As Nana and Omar fade away, forecasters monitoring multiple Atlantic systems

By Robin Webb, Brett Clarkson, Brooke Baitinger, Victoria Ballard and Keven Lerner, Sun Sentinel on

Published in Weather News

FORT LAUDERDALE, Fla. - The National Hurricane Center is no longer tracking the short life of Hurricane Nana, as the system degenerated into a tropical storm and then a remnant low Thursday. Tropical Depression Omar is expected to start fizzling out as well. But the NHC is tracking four systems with the potential to become the next tropical depression or tropical storm, according to the latest advisory.

Forecasters are turning their attention to an area of the Atlantic midway between the Windward Islands and the west coast of Africa that is bustling with activity from tropical waves.

One is an area of low pressure with disorganized showers and thunderstorms, according to the hurricane center.

Another moved off the coast of Africa on Thursday. It is merging with a disturbance a couple hundred miles southeast of the Cabo Verde Islands, the hurricane center said.

The system will develop and could become a tropical depression early next week as it moves slowly westward over the eastern tropical Atlantic Ocean, according to the latest outlook.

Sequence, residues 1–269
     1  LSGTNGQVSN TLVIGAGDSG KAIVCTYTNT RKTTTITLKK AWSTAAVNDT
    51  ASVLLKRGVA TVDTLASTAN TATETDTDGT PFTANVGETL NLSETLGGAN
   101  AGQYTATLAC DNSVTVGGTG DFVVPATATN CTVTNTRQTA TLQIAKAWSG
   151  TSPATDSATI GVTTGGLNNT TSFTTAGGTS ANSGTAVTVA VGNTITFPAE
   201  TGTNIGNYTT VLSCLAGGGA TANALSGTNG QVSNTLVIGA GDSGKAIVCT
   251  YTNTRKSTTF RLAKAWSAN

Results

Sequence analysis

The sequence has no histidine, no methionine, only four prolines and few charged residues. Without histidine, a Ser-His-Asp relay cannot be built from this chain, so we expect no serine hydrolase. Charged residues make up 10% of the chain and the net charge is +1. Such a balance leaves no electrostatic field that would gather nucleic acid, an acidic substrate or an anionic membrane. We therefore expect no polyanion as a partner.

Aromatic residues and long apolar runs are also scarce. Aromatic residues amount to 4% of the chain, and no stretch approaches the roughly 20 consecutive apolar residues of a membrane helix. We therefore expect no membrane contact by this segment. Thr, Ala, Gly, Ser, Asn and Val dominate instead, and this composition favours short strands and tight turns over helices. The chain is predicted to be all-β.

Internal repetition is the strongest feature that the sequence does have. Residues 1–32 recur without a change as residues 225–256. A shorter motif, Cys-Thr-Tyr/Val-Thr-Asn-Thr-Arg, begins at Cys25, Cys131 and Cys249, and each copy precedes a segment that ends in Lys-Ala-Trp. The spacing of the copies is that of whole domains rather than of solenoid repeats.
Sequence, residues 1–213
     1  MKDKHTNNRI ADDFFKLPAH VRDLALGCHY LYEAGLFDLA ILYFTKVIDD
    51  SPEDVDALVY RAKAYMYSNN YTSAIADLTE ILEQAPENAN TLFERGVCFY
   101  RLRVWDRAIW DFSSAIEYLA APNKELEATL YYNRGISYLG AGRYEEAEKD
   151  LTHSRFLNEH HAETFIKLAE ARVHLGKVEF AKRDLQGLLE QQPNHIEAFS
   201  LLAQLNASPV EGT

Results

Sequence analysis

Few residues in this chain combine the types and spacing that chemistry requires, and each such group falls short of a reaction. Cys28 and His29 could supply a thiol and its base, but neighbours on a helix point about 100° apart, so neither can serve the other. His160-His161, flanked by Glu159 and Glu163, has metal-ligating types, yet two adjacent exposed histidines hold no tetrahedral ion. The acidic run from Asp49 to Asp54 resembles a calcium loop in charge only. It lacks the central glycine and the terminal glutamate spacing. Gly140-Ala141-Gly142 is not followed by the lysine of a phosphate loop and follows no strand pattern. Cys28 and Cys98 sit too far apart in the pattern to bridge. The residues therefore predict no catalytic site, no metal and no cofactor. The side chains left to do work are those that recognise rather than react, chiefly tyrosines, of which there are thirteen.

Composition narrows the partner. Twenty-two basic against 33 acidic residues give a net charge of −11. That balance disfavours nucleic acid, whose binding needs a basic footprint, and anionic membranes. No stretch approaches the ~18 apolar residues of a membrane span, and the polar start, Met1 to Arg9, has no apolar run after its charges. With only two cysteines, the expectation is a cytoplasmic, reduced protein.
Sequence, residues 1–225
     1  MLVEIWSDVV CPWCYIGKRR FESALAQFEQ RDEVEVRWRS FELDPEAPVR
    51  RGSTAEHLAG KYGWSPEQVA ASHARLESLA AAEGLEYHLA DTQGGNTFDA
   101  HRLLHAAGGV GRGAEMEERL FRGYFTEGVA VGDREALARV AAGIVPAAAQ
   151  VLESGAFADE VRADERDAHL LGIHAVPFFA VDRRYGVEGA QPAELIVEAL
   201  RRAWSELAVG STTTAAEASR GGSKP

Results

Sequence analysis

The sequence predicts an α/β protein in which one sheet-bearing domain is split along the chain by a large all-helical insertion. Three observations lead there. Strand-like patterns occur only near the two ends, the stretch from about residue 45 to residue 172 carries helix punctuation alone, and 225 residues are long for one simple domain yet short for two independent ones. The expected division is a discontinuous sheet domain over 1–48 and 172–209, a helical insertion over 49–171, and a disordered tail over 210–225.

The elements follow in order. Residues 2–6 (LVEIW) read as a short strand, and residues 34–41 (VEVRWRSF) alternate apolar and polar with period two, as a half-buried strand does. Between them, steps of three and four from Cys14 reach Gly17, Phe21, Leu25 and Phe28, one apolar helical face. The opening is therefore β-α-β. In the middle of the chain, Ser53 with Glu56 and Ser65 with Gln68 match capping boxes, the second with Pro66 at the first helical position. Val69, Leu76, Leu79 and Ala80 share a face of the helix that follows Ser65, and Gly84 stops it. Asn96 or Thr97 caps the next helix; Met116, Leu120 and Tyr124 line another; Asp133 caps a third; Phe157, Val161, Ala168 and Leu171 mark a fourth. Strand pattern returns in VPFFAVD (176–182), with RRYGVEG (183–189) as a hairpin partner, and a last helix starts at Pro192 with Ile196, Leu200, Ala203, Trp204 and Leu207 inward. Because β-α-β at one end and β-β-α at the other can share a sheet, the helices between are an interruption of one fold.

Yet another wave is expected to move off the coast of Africa over the weekend. A tropical depression could form next week as it moves west over the ocean.


Finally, in the north-central Atlantic, the NHC is monitoring a nontropical area of low pressure about 600 miles south of Cape Race Newfoundland expected to move north-northeastward at 15 mph. The NHC gives it a 20% chance of formation in the next two days.

If any of the systems maintain sustained winds of 39 mph, it would become the 16th named system of the 2020 hurricane season, which runs from June 1 to Nov. 30. Earlier this summer, the National Oceanic and Atmospheric Administration updated its forecast predicting between 19 and 25 named storms.

This is the time of year when storms tend to form in the open Atlantic, particularly near the Cabo Verde Islands. Those storms, which grow in size and intensity as they make the long trek westward across the Atlantic Ocean, are historically the most powerful and destructive hurricanes.

Nana hit the coast of Belize early Thursday as a low-end Category 1 hurricane that weakened to a tropical depression and then dissipated.


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